Want tongue twisters? Try these party names


New Delhi : The abbreviated names of Tamil Nadu’s political parties can prove to be real tongue twisters for those living in other parts of India.

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Even Chief Justice K.G. Balakrishnan, a native of Kerala, was confused the other day while hearing pleas by three such parties seeking fixed symbols.

During the hearing, the chief justice was often heard saying MDMK when he meant DMDK! In fact, he even referred to it as DMK once. The lawyers present were left to correct the chief justice every time he named the DMDK wrongly.

Try it yourself – All India Anna Dravida Munnetra Kazhagam (AIADMK), Dravida Munnetra Kazhagam (DMK), Pattali Makkal Katchi (PMK), Desiya Murpokku Dravida Kazhagam (DMDK), Marumalarchi Dravida Munnetra Kazhagam (MDMK).


Friends of BJP – not of Advani?

People turned up in force for a ‘Friends of BJP’ meet here a couple of days ago – but Bharatiya Janata Party leaders present there were in for a reality check.

After party general secretary Arun Jaitley’s speech, the forum was thrown open for discussions. That’s when most of those attending the meet pledged support to the BJP – but not to L.K. Advani, the party’s prime ministerial candidate.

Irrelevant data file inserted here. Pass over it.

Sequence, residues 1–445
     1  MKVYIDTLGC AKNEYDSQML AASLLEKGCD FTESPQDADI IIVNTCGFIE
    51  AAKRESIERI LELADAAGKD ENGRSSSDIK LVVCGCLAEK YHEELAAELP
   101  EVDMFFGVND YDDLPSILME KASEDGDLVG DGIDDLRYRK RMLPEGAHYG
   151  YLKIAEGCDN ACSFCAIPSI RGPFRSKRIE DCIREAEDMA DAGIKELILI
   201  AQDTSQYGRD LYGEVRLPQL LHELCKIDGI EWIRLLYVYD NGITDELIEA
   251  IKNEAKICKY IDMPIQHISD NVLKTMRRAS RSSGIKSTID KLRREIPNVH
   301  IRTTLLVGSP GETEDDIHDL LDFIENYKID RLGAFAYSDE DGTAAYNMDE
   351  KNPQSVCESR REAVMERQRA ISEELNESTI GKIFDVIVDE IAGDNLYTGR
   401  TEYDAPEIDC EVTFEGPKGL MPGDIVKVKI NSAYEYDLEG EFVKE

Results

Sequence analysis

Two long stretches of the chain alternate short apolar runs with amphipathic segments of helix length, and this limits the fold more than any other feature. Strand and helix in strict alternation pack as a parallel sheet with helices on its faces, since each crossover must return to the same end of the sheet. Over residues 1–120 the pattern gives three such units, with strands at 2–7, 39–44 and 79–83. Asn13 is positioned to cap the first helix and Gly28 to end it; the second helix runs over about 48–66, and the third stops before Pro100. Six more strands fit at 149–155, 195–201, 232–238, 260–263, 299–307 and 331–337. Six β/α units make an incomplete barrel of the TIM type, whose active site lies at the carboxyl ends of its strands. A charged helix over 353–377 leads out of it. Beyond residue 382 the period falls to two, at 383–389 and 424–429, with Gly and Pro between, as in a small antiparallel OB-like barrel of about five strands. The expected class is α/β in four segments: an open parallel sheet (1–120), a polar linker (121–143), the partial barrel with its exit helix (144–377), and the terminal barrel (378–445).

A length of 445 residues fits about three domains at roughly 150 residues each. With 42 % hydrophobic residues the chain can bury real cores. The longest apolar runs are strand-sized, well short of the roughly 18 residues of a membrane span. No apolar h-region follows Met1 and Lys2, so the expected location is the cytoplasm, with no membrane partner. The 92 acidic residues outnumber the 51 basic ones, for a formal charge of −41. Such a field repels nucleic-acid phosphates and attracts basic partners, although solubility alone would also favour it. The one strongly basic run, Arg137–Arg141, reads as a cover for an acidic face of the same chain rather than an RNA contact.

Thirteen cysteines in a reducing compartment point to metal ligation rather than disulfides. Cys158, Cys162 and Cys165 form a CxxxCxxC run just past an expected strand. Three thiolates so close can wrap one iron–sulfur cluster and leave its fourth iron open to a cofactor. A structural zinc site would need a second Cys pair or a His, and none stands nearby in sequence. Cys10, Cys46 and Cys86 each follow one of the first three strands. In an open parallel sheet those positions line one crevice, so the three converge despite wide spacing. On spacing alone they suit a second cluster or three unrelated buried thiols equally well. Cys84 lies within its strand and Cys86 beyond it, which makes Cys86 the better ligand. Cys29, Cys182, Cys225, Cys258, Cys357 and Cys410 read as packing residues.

Many even said Gujarat Chief Minister Narendra Modi should be put at the helm of affairs in the party. It seems 2009 is indeed the last chance for BJP’s ‘iron man’ to make it to the top job.


A new mission for Jay-Veeru

Will this Jay-Veeru pull off for the Bharatiya Janata Party (BJP) what their namesakes did for their employer in the Bollywood blockbuster “Sholay”? The two are puppets after all.

Anjan Roy Chowdhury, a puppet artist from West Bengal, is all set to make the off-screen duo a crowd-puller as he uses them to campaign for the BJP.

While the Jay-Veeru of “Sholay” took on bandits successfully, the puppets too have their task cut out – a poll battle, no less.


Poets, polls and politicians

Poets suddenly find themselves in great demand in Lucknow, a city known for its culture of Urdu ‘shayari’. And the reason lies not in a spurt in literary activity but in the Lok Sabha polls.

Politicians are seeking them out to script public speeches. “Yes, it’s true, these days politicians are approaching us and seeking favours,” poet Gajendra Solanki told IANS.

The leaders want “catchy, crowd-pulling compositions,” in sync with their party’s ideology, he said.